Health outcomes, safety, the ability to access needed services, and social well-being are all influenced by the inability to safely store belongings, according to the final report of the Chicago Youth Storage Initiative for youth experiencing homelessness in the Chicago area. The report was released May 19 to Chicago-area youth agencies and funders.
The needs assessment and recommendations were written by research leader Lara Brooks with youth advocates Ka’Riel Gaiter, Gregory Slater and Daphnie Williams.
The Chicago Youth Storage Initiative is supported with the leadership of The Pierce Family Foundation and Polk Bros Foundation, and participation of other foundations including The Knight Family Foundation. The project was coordinated by Tracy Baim, publisher of Windy City Times.
Currently, storage access for individuals and families experiencing homelessness is extremely limited in Chicago. In the U.S., no models of community-coordinated or citywide efforts exist to support young people around storage of personal belongings. Looking to adult storage models in Vancouver, San Diego, Los Angeles, Seattle, Salt Lake City, and New York, many models were explored for feasibility. Chicago would be the first U.S. city to coordinate such an effort for young people.
— Familial support sometimes extends to storage of belongings but not housing.
— Many young people trust at least one youth worker with their belongings and documents.
— Violence prevention and preventing the loss or theft of personal belongings are connected.
— Storage programs youth can trust is of utmost importance.
— It can be unsafe for young people to carry their belongings with them.
— Constant worry impacts mental health, productivity, and goal completion.
— Lack of storage means taking steps back, even when youth are trying to move forward.
— Loss of belongings is a setback with ripple effects.
— Emerging, “mini” youth networks exist geographically across Chicago and present new opportunities for service coordination.
Recommended Actions Include:
— Satellite storage program in close proximity to a youth drop-in center.
— Storage program within or in close proximity to a high school or several high schools with large numbers of unaccompanied students experiencing homelessness.
— Web-based documentation project, possibly through a partnership with Google, piloted within an organization with existing case management services and experience engaging young people experiencing homelessness.
— Dedicated storage program located or in close proximity to Chicago’s Loop with clearly defined, capacity-informed service offerings.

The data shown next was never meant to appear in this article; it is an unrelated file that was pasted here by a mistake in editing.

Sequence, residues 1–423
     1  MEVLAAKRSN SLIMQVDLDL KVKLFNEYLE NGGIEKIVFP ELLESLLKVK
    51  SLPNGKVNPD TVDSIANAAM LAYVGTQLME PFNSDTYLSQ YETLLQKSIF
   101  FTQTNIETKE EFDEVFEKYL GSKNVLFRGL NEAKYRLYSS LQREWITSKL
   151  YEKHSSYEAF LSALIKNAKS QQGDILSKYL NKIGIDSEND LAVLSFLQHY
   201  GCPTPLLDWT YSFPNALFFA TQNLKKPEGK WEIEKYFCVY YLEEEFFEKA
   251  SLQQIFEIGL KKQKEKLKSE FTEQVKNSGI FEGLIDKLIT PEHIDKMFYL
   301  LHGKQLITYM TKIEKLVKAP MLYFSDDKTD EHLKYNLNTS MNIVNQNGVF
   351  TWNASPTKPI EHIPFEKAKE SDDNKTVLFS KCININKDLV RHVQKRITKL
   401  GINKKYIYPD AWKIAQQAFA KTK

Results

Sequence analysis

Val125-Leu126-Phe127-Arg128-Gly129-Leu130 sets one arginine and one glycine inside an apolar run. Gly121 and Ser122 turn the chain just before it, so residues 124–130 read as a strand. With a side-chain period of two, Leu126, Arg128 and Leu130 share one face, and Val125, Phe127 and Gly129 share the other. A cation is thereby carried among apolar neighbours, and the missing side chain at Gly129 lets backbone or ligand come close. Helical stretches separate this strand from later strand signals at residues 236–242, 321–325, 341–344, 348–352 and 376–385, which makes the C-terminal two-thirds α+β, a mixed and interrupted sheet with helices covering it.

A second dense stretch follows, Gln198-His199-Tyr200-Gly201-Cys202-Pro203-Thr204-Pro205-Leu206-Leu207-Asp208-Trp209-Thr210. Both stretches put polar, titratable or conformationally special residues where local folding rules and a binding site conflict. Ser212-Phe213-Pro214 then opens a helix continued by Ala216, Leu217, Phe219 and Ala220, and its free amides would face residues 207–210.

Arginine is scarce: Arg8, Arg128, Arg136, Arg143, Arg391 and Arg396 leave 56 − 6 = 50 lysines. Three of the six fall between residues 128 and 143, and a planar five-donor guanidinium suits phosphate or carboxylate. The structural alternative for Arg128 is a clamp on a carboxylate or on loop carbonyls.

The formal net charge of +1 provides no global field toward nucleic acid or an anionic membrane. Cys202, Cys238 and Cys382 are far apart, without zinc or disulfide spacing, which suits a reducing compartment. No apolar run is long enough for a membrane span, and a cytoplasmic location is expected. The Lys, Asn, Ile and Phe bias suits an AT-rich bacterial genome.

— Program similar to the Commuter Student Resource Center (CSRC) at the University of Illinois- Chicago in other post-secondary institutions, such as City Colleges of Chicago.
“How do you get to school or job interviews in clean clothes, manage medicines, books, paperwork or daily needs, when you have nowhere to keep your things?” asked Brooks. “This study gives a path forward for the city of Chicago to be a true innovator on services to these youth.”
“The Pierce Foundation likes to move quickly, and is often able to step up and make investments at the front end of new projects. This effort is something we believe can generate results that matter, within a relatively short period of time,” said Marianne Philbin, Pierce Family Foundation Executive Director. “We are excited about the findings of this report and look forward to working with other foundations in helping address this issue.”
“People who don’t have a stable place to live often don’t have any place to store their belongings, which leaves them open to loss or theft of documents, medications, clothing, books and other personal items,” said Debbie Reznick, Senior Program Officer with Polk Bros Foundation. “Storage will not only help practically, but will be used as an opportunity to engage youth who are not currently accessing services.”
Far from being a trivial issue, homeless youth have identified solving the storage problem as one of the most important ways to alleviate day-to-day suffering and improve the immediate quality of life for individuals in unpredictable and temporary living situations.
The youth storage project addressed issues impacting all youth, even though the impetus came from the LGBTQ Youth Summit hosted by Windy City Times in 2014.
Heather Parish, program director with the Pierce Foundation, Flora Koppel, executive director of Unity Parenting, and community volunteer Michael Mock of Lincoln Financial Advisors also served on the advisory committee with Baim, Philbin and Reznick.
The full report is available here: Chicago Youth Storage Initiative.